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Matt Hart Friday, 20 September 2013 09:31 TWEET COMMENTS 0

Ask the Coach: Altitude, Cramps and Running Flats

Training at altitude; battling the "runner's trots"; choosing the right terrain for recovery runs after an injury

alt
Photo by Patitucciphoto.

WHEN IN DOUBT, GO HIGHER

I’m planning to run the Tahoe Rim Trail 50-miler (TRT50). Here’s the rub: The majority of my training is at elevations between 270 and 3100 feet. The TRT50 averages 8500 feet. So, I’m planning on taking a running vacation to train at higher altitudes before the TRT starting gun. Is this a good strategy, and what are problems that can be expected for high-elevation races?

—David Leeke, Nevada City, CA

At higher altitudes there is less oxygen in the air, which means each breath delivers less oxygen to working muscles. Sports physiologist Leslie Shooter of Salt Lake City, Utah, says this can cause a number of problems, including “elevated submaximal heart rates, increased ventilation, increased perceived level of exertion, lightheadedness, dizziness, headache and fatigue,” among many others.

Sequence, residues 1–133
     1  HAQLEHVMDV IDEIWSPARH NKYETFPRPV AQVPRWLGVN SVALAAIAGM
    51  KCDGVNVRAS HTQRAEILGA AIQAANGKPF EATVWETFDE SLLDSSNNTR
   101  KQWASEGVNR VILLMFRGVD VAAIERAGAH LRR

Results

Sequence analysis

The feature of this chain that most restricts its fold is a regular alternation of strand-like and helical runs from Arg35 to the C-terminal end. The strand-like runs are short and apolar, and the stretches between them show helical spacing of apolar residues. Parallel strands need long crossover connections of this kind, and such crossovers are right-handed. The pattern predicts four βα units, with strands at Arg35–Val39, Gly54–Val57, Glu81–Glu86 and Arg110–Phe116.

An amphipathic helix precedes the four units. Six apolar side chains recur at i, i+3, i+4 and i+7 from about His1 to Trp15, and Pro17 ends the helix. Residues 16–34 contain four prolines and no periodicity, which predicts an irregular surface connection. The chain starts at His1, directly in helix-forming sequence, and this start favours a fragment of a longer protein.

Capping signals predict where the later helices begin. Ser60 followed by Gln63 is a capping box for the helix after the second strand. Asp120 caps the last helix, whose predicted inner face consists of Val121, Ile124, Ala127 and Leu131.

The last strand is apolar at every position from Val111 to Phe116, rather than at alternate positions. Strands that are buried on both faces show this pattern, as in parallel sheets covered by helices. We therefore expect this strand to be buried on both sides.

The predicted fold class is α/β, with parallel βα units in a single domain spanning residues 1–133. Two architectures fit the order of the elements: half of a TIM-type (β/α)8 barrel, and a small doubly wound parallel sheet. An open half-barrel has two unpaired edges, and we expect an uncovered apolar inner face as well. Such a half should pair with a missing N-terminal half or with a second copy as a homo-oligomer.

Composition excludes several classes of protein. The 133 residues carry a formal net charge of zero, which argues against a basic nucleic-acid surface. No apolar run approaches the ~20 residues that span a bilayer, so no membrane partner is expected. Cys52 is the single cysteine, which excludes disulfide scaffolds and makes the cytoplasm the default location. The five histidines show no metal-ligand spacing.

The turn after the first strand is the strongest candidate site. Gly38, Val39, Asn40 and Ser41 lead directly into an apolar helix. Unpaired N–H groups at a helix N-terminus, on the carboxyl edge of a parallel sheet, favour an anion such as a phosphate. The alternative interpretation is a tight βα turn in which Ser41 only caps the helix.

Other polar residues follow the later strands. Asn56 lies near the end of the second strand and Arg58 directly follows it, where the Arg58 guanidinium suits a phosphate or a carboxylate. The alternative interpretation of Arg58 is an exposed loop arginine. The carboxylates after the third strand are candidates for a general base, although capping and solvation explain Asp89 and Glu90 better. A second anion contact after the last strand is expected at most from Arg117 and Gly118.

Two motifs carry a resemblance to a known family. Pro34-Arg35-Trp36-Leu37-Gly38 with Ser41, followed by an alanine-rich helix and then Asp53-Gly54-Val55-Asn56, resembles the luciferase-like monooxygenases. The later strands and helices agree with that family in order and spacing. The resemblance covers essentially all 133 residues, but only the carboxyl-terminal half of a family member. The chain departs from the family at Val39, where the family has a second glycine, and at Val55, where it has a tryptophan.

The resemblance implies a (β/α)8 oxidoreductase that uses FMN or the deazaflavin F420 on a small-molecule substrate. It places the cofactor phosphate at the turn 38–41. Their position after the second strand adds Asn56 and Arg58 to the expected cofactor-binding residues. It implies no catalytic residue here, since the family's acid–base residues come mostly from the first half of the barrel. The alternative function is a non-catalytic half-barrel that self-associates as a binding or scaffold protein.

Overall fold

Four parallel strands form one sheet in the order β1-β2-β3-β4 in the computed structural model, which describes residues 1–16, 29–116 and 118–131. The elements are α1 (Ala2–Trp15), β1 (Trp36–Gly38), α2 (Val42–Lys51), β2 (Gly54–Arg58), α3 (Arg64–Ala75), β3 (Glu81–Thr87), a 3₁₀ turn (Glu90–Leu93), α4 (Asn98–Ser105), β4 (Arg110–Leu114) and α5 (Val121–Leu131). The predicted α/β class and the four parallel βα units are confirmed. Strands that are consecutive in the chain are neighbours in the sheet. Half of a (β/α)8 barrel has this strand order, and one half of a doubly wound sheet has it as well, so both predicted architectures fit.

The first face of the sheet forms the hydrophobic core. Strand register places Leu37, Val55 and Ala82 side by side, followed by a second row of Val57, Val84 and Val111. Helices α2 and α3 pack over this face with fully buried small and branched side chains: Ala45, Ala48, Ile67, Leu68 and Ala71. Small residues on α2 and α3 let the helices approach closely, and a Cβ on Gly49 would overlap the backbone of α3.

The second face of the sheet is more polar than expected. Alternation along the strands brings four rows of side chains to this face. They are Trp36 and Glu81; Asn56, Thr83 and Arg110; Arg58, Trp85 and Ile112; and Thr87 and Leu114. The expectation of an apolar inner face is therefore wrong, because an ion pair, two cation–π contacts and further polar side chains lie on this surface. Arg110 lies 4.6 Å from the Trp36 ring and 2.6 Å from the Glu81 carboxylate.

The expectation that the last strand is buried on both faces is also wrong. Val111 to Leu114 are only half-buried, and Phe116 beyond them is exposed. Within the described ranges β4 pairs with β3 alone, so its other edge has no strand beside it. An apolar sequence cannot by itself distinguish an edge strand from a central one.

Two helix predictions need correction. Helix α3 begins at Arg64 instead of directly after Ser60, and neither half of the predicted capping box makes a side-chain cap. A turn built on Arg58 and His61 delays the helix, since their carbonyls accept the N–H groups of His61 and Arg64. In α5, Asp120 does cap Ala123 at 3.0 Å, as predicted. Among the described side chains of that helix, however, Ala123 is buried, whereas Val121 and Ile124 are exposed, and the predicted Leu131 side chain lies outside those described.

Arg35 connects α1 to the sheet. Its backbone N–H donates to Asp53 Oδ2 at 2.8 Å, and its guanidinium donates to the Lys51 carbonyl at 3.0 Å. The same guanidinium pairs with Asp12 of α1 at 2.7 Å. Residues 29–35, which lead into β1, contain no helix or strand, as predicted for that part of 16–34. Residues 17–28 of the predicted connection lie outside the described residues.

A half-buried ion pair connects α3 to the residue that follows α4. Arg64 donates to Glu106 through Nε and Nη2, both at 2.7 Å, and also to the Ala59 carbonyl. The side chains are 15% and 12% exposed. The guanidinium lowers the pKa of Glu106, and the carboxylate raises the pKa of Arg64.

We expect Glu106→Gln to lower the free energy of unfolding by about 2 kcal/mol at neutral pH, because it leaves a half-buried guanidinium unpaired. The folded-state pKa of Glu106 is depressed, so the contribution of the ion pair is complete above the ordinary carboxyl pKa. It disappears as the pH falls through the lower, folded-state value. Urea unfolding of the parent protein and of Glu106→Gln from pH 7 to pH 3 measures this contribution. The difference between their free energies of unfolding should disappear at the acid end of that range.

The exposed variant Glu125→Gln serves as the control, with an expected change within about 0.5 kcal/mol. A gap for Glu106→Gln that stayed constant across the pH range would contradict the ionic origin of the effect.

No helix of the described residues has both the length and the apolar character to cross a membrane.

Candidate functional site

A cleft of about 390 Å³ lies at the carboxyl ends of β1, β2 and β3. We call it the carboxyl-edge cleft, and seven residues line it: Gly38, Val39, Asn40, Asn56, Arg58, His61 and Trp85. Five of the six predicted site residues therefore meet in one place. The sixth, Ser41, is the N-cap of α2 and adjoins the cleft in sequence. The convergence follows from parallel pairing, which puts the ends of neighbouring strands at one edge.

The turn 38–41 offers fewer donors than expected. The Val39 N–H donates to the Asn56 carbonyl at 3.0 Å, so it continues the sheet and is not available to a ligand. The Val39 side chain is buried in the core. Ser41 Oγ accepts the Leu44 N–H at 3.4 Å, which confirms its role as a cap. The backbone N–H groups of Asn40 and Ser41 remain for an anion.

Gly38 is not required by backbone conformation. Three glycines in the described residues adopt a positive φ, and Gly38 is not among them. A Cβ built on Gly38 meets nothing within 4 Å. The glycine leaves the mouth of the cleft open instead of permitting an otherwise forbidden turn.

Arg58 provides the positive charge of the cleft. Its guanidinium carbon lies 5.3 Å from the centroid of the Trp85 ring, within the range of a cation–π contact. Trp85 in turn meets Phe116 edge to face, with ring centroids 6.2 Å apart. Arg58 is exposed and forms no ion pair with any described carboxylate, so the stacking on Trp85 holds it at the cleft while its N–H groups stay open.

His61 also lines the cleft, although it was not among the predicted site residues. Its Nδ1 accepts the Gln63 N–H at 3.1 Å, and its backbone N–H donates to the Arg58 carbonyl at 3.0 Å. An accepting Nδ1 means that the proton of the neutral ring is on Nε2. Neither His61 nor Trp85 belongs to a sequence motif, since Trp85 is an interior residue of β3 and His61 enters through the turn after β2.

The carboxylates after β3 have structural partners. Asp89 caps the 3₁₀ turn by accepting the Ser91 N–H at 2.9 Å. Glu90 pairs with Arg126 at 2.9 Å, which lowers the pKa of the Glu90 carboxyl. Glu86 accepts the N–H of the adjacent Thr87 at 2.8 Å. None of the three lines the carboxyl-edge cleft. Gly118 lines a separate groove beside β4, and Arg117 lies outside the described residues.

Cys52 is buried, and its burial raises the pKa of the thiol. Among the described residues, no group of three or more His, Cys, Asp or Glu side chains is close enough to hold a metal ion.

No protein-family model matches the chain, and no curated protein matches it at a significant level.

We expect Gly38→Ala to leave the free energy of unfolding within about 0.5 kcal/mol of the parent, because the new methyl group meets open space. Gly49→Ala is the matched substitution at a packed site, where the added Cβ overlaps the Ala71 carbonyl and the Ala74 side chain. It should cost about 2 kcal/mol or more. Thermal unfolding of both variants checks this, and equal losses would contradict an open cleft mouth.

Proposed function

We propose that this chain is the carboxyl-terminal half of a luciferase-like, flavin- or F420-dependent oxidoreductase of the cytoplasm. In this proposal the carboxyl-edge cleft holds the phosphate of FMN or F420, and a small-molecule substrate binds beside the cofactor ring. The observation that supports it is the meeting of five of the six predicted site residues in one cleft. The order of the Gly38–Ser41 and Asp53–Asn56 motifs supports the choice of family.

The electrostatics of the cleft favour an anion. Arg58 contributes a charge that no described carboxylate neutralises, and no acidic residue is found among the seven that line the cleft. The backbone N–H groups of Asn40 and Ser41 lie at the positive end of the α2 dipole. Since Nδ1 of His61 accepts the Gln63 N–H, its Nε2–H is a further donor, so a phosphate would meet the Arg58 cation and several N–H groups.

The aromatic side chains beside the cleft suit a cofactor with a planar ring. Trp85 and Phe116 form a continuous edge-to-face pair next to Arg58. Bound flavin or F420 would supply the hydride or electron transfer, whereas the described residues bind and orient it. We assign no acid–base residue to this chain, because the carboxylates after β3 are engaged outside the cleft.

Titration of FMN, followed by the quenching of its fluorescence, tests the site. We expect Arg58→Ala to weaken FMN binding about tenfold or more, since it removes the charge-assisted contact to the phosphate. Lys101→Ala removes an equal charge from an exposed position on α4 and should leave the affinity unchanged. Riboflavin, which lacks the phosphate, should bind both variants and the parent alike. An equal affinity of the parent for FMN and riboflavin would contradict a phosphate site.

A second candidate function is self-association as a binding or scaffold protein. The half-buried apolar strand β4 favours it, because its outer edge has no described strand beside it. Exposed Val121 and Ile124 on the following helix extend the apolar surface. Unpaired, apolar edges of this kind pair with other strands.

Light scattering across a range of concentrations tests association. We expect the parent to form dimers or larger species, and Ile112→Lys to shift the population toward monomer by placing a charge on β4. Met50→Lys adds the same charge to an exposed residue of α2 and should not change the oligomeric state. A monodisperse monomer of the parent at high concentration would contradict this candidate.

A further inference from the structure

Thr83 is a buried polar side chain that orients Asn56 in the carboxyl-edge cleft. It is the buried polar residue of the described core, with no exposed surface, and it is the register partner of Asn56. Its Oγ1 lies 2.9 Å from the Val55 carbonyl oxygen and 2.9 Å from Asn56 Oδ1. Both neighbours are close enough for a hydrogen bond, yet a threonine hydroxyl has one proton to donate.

Of the many altitude-training theories, one proven method involves arriving at the race altitude before the event to acclimate. However, a minimum effective acclimation period is hard to assign because of genetic variation, and some people do not respond at all. And most folks living at lower elevations don’t have the luxury of taking time off prior to a race.

Your planned vacation at higher altitude may be a great way to tackle the problem of living low and racing high. It also fits with the current trend of periodization in altitude training. This simply means you take a block of time to train at altitude, then give your body a block of time at lower altitude to recover. Your body responds to the stress of being at altitude by producing more red blood cells, and research shows that 10 to 14 days after your exposure, your red blood cells will be at their highest. So, if possible, schedule your race about two weeks after your altitude vacation. When racing or training at altitude, says Shooter, “Pay extra attention to hydration and include electrolytes in fluids upon arrival.” This will help maintain plasma volume, which will ease the work required for your heart to pump enough oxygen-rich blood through the body. She also suggests keeping your muscle and liver glycogen topped off by eating more carbohydrates, since your body will be utilizing more glucose at altitude.



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